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Navigating BOEM’s Regulatory Framework for Commercial Wind Leases

In 2005, Congress passed the Energy Policy Act of 2005 (Pub. L. 109-58) (the EPAct), which (in relevant part) amended the Outer Continental Shelf Lands Act (43 U.S.C. §§ 1337 et seq.) to authorize the Department of Interior to issue regulations governing development of energy from offshore sources other than oil and gas. See EPAct, Sec. 388. “The Secretary of Interior delegated to the Bureau of Ocean Energy Management (BOEM) the authority to regulate activities under section 388(a) of the EPAct.” 30 C.F.R. § 585.100. In 2009, BOEM first issued regulations governing activities that “[p]roduce or support production, transportation, or transmission of energy from sources other than oil and gas[.]” 30 C.F.R. § 585.100(a).[1] BOEM implements its authority to issue offshore wind leases pursuant to these regulations in four phases,[2] each of which is discussed briefly below.

Planning and Analysis. During the planning and analysis phase, BOEM engages in consultations with interested parties, including state and federal government agencies, to identify offshore areas that are suitable for wind energy leasing. See BOEM Regulatory Framework Website. During this phase, BOEM also conducts preliminary environmental analyses, including analyses under the National Environmental Policy Act (NEPA).[3]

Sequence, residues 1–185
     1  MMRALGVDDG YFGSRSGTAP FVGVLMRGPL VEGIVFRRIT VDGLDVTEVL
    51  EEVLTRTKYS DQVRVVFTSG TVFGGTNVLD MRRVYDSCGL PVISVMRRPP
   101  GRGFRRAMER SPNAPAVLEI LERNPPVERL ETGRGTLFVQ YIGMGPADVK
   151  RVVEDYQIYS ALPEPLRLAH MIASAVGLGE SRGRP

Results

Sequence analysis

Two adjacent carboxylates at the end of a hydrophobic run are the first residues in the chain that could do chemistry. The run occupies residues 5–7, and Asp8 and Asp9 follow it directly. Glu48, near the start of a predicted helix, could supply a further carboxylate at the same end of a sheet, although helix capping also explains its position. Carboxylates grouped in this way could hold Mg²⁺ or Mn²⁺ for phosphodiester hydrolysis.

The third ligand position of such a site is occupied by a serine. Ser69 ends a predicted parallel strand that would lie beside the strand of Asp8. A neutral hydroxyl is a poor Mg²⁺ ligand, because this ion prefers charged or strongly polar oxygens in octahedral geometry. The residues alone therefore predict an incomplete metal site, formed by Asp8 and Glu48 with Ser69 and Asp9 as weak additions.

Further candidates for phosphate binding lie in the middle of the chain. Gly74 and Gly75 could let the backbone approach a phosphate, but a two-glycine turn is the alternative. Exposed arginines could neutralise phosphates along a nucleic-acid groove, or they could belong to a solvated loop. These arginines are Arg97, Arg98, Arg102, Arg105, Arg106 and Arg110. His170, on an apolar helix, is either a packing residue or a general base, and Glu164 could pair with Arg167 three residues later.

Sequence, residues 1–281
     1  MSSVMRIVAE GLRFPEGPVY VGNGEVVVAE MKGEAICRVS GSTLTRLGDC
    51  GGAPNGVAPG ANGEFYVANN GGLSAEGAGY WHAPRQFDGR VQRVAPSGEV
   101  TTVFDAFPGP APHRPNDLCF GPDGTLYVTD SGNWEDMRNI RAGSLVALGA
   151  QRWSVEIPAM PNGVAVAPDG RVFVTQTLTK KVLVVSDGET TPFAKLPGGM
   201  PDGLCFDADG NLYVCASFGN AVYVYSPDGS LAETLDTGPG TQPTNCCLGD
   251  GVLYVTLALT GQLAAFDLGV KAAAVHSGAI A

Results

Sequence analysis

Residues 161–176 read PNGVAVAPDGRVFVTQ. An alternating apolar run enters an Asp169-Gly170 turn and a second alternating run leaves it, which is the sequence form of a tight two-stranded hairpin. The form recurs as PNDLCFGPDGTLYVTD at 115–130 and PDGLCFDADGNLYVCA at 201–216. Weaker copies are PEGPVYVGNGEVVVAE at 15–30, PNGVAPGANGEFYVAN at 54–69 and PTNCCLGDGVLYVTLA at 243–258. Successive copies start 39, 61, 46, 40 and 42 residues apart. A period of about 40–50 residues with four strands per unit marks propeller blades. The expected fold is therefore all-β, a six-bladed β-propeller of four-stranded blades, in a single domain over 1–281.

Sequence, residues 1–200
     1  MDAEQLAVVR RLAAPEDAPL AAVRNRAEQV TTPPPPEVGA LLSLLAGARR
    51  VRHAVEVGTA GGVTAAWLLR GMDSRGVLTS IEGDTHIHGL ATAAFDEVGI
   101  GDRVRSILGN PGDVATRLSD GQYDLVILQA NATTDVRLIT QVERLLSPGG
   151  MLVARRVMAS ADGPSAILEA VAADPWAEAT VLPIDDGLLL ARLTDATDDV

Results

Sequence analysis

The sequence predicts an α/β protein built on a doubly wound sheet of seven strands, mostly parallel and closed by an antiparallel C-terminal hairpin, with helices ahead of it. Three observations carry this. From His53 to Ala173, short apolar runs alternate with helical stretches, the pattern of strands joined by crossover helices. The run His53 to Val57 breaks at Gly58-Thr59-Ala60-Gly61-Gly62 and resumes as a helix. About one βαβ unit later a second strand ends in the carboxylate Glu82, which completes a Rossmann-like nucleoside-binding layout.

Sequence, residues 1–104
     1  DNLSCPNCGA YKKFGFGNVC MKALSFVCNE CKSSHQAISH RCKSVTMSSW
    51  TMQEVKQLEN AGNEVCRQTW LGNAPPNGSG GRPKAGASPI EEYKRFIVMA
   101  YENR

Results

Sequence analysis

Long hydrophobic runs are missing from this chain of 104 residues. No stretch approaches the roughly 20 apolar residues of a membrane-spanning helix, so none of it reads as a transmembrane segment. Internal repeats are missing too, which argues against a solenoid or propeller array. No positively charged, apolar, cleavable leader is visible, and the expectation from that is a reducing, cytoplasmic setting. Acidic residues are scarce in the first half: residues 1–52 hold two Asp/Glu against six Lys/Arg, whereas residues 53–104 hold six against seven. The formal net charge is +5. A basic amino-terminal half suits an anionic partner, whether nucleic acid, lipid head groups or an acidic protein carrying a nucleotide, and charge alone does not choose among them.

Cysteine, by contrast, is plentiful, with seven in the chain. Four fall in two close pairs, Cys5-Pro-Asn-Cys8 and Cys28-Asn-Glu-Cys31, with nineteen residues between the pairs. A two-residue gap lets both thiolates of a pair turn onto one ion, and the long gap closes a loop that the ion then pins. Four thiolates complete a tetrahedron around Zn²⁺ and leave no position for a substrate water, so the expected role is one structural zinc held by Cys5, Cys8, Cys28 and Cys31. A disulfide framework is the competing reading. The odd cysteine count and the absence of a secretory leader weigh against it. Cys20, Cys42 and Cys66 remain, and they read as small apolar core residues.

Leasing. The leasing phase of the process results in the issuance of wind leases. See BOEM Regulatory Framework WebsiteAlthough the EPAct authorizes lease issuance on either a competitive or noncompetitive basis, the regulations prioritize a competitive leasing process. See 30 C.F.R. § 585.201 (“BOEM will issue leases on a competitive basis .… However, if [BOEM] determine[s] after public notice of a proposed lease that there is no competitive interest, [it] will issue leases noncompetitively[.]”). BOEM uses “auctions to award leases on a competitive basis.”[4] 30 C.F.R. § 585.211. Competitive lease sales involve a series of steps, including calls for information and nominations,[5] identification of the lease area (through additional environmental analyses), publication of a proposed sale notice, and publication of a final sale notice. Id.[6] Potential lessees “may submit an unsolicited request for a … lease” in the absence of a competitive lease sale. 30 C.F.R. § 585.230. Upon receipt of an unsolicited request, BOEM will “issue a public notice of a request for interest” to determine whether there is a competitive interest in the proposal. 30 C.F.R. § 585.231(b). If there is competitive interest, then BOEM will initiate the competitive bidding process; if there is no competitive interest, then BOEM will consider the request and “may offer [] a noncompetitive lease.” 30 C.F.R. § 585.231(d)-(f). Lease issuance does not immediately authorize the lessee to construct facilities; instead, once a lease is issued, the lessee may conduct site assessment studies, develop a plan to construct wind energy facilities, and seek BOEM’s approval for development of the lease area. See BOEM 2020-025, Vineyard Wind 1 Offshore Wind Energy Project, Supplement to the Draft Environmental Impact Statement [hereinafter Vineyard Supplemental Draft EIS], p. A-3 (June 2020) (explaining that “commercial wind energy lease[s] [] give[] the lessee the exclusive right to seek BOEM approval for the development of the lease area.”).[7]